The primary energy mix forecasted for the future shows that growth rates will be the highest for renewable energy sources but, in absolute terms, fossil fuels will remain dominant. Among them, natural gas is the most attractive due to the advantages it offers in terms of environmental impact. This has recently contributed to the increased demand for natural gas and to the interest in developing those reserves that were left undeveloped in the past because of their high acid gas (particularly CO2) content. This has driven the recent research towards novel technologies that are suitable for the production of these gas fields. These novel technologies are based on low-temperature/cryogenic separation methods, which produce a purified natural gas stream at a temperature much lower than that reached when conventional technologies are used for acid gas removal.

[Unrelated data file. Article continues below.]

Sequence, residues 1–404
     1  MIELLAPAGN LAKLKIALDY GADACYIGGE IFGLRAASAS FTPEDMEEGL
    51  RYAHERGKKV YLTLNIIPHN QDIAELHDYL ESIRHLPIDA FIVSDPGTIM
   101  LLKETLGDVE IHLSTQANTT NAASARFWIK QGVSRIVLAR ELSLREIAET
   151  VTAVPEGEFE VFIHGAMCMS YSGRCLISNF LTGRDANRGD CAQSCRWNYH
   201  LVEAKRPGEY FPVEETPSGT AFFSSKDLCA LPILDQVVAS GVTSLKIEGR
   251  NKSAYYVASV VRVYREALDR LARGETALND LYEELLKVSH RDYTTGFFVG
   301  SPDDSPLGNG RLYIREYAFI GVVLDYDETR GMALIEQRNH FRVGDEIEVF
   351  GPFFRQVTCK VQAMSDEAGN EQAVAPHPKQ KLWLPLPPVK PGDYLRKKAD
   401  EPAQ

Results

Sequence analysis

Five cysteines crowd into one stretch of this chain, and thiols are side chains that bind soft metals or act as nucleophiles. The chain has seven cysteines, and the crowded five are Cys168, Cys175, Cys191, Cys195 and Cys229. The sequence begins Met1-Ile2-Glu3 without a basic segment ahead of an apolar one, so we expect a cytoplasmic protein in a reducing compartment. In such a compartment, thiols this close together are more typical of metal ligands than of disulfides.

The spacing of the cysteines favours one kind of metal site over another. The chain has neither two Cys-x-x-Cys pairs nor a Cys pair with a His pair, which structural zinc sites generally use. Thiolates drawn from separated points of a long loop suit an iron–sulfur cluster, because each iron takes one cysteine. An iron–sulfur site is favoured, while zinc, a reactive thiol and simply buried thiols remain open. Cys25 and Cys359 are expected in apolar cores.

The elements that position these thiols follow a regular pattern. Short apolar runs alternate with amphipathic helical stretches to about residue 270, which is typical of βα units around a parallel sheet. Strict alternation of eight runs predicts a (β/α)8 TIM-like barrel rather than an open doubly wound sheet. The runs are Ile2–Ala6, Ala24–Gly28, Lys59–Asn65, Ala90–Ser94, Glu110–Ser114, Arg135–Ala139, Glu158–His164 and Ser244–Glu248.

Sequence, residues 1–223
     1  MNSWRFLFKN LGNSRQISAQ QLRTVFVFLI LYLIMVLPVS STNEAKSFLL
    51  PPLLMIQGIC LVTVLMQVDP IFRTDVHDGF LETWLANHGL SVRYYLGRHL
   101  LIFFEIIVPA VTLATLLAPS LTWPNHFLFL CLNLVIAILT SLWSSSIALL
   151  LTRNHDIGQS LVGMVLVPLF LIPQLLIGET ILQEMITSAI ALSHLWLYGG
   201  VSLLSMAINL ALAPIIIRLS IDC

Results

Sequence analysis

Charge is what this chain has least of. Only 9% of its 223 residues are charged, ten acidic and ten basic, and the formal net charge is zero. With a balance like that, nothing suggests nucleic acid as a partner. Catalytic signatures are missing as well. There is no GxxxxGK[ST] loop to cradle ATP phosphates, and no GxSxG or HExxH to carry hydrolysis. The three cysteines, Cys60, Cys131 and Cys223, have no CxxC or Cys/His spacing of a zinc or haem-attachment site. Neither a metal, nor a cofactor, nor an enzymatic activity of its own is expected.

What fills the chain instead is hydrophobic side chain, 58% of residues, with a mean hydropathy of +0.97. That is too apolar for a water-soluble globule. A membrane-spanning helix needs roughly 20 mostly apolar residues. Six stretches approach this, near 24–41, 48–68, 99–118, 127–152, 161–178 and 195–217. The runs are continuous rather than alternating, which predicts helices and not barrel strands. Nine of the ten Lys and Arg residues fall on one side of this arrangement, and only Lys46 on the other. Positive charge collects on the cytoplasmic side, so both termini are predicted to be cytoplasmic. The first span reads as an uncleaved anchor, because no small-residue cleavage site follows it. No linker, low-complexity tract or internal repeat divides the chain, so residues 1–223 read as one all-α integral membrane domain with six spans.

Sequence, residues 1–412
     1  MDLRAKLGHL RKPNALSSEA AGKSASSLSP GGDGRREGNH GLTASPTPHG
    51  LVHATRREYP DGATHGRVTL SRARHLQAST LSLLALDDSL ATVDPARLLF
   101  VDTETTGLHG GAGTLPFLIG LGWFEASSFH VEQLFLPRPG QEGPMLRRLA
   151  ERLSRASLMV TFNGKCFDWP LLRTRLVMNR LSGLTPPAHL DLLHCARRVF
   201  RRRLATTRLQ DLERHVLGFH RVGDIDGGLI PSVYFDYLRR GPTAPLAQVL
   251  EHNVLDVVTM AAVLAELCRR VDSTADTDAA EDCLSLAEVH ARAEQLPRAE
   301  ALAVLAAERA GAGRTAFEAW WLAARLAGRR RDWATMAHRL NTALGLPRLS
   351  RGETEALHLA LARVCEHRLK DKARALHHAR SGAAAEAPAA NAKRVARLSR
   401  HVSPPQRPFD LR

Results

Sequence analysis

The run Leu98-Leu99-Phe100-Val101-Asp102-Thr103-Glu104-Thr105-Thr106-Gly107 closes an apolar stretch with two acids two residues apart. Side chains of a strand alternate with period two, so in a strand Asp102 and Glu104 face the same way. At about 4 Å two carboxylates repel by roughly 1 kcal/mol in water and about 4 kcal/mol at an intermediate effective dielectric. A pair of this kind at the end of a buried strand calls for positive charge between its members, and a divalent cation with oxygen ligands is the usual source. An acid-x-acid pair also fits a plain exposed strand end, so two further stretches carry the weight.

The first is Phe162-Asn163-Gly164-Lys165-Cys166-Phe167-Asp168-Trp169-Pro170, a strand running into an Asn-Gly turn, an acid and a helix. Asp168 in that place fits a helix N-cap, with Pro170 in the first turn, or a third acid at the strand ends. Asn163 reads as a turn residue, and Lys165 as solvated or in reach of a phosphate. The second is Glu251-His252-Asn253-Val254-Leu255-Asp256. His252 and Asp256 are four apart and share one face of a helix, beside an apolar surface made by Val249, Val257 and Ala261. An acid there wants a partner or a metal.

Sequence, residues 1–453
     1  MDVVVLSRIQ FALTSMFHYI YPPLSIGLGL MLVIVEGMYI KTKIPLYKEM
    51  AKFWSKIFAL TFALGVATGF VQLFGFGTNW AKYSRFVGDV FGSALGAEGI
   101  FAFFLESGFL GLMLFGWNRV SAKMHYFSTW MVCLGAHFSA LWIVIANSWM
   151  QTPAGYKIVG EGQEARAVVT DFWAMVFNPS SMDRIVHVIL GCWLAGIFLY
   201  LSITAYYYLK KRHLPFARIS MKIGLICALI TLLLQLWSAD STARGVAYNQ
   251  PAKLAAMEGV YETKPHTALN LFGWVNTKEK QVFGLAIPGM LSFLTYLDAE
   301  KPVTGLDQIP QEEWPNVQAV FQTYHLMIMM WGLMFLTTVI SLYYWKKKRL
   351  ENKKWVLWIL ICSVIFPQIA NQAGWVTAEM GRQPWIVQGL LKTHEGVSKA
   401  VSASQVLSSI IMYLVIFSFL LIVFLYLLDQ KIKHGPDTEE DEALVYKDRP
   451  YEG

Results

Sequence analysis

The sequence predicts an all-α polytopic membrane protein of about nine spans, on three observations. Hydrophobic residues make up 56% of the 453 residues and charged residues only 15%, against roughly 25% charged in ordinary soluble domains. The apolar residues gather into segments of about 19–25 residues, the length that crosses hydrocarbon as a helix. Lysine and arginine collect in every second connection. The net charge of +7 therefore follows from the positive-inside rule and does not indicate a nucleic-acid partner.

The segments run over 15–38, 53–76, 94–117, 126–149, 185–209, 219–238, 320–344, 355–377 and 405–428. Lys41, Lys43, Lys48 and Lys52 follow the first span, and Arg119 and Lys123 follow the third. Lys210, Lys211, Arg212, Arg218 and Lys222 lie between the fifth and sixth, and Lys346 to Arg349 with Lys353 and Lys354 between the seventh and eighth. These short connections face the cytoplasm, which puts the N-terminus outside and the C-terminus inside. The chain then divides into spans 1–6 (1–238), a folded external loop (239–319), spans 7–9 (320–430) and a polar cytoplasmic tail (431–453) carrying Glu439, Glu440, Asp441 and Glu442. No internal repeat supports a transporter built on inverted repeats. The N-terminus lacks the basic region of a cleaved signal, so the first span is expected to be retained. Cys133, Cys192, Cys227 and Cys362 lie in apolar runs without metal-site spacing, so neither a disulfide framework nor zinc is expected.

In addition to the key role played by natural gas, it is important to also take into account the one played by liquefied natural gas, which represents a valuable alternative to the common method for natural gas transportation via pipelines to reach the utilization zones. Currently, all the natural gas liquefaction technologies are developed for a natural gas stream coming from a conventional purification process that produces a purified stream at about ambient temperature. Considering the recent development of low-temperature/cryogenic natural gas purification technologies, it is important to study liquefaction cycles so that they can be applied to a purified natural gas stream at low/cryogenic temperatures.
This work deals with this study and aims at adapting the Single Mixed Refrigerant (SMR) liquefaction process currently used to liquefy a natural gas stream at ambient temperature, so that it can be applied to a purified natural gas stream at low/cryogenic temperatures. Simulations have been carried out in Aspen Hysys® V9.0 in order to adjust the composition and flowrate of the mixed refrigerant depending on the conditions of the purified natural gas stream that undergoes the liquefaction process.